For more information on the Light for Darfur Project, visit our website at

-Rachel Veydt

A First Hand Look

March 22, 2007

Too often we define the city of New Orleans, by the devastating affects of hurricane Katrina. My perception was proved wrong, after returning to New Orleans for the second time on the spring break missions trips.

The people of New Orleans are filled with a spirit of hope, and a commitment to rebuilding their lives and communities. They are not defined by the storm, but rather by their incredible culture, and their perseverance to embrace change and continue the progress being made.

There still is a huge need for volunteers, so if you are interested in volunteering and visiting a unique culture Google Trinity Christian Community, Hollygrove, New Orleans. Or email me at


The Well Fund Update

March 14, 2007

Donations: $1,216.70
Matched by The Call: $500.00
Total: $1,716.70

Cost of a Well: $5,390.00
Still Needed: $3,673.30

We’re going to take this opportunity to yet again say THANK YOU. We’d have zero bucks without you.

However, we still could use some more. Keep it coming. It’ll help.

Why culture. ish. Part II

March 14, 2007

Why culture. ish.?

Because that question has to be asked. In an atmosphere where every action is expected to be circumscribed and propped up by mission statements that read like the credo printed on top of bathroom hand dryers, where every endeavor is required to submit a financial plan and detailed cost analysis, where some new and trendy vision of the beloved community is always around the corner, asking to be made immediately real, culture. ish. seeks to make its place somewhere else.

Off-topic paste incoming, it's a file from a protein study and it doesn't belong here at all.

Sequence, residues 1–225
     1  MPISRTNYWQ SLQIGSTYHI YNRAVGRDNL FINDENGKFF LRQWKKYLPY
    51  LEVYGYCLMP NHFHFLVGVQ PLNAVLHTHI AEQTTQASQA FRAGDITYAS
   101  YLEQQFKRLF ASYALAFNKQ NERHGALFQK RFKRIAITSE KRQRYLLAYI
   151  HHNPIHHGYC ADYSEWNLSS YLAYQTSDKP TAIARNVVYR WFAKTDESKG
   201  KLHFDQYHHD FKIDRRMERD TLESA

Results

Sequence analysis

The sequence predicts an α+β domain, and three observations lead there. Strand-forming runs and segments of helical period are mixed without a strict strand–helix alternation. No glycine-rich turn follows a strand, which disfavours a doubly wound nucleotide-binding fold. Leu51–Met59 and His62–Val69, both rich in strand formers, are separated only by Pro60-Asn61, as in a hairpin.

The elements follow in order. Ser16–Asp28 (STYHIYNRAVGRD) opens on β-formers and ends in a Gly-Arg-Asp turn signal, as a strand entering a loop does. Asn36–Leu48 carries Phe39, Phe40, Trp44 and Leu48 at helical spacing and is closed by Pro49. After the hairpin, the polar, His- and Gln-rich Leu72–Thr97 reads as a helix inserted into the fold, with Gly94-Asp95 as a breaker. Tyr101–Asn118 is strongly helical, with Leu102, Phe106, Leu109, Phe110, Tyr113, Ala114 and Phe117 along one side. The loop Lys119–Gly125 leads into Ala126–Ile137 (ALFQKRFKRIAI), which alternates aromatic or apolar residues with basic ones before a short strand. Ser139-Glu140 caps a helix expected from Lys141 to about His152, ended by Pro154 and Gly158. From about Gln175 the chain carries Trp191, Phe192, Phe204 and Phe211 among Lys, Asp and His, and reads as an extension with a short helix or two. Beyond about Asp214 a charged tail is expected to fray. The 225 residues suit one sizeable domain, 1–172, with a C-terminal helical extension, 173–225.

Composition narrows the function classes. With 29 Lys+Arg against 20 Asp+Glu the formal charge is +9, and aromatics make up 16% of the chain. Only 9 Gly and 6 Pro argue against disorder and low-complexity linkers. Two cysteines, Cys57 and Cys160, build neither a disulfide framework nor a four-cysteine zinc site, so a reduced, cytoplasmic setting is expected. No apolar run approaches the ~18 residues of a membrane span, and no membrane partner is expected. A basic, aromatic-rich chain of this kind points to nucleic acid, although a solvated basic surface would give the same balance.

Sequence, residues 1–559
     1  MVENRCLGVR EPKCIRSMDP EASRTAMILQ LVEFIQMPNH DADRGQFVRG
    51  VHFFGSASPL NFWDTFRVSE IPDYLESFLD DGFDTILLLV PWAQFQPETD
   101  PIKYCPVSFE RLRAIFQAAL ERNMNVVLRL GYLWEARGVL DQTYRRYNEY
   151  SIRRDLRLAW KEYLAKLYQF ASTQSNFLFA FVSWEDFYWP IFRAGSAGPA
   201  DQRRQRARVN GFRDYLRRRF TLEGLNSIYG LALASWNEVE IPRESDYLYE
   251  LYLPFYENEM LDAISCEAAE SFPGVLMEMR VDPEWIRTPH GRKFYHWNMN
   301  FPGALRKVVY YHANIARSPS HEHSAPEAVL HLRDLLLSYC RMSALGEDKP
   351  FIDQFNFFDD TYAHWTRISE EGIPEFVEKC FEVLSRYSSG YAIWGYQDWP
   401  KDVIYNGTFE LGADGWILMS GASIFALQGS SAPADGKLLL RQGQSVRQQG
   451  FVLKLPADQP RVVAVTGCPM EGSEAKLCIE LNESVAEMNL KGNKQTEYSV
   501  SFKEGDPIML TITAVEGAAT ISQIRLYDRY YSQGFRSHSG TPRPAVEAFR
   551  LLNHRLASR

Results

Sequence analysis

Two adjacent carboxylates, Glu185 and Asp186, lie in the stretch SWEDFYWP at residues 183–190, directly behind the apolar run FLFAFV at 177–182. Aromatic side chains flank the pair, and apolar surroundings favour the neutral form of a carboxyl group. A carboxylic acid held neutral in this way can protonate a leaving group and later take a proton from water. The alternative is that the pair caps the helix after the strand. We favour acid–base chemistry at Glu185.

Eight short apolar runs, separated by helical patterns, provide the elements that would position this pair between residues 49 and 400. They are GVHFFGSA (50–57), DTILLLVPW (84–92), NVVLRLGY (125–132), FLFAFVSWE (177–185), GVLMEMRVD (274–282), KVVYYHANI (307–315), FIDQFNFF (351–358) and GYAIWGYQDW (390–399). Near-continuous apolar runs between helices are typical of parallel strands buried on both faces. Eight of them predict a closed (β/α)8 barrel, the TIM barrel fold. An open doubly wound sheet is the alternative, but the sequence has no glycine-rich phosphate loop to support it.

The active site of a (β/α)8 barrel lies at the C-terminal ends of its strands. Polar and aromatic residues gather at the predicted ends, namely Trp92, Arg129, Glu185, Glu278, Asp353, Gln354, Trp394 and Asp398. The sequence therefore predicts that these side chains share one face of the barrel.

We don’t aim to be in conflict with those things, but to exist outside of their tightly-knit world, subsisting in joyous practice. Our aim is not to communicate facts and bits of data. Rather, if we are looking to educate, it is in a deeper and more interactive sense – a mutual education that is found in sharing of ourselves and earnestly listening as we seek to practice a Christian relationship with art and culture, and in drawing those around us into that same ecstatic dance.


Why culture. ish.?

February 26, 2007

culture. ish. is about education; the habits of knowing and doing. Education here means “being transformed by the renewing of your mind.” (Romans 12:1). So how does this happen? Contemporary college students, and the colleges that are supposed to serve them, have fallen into a horrible dualism (taken something whole and divided it into separate and disintegrated parts). On the one hand, is “Christian” education and the classroom that is suppose to teach students a Christian worldview, and on the other is the culture that surrounds students in all areas of their life, “it is the air we breathe,” the water we swim in.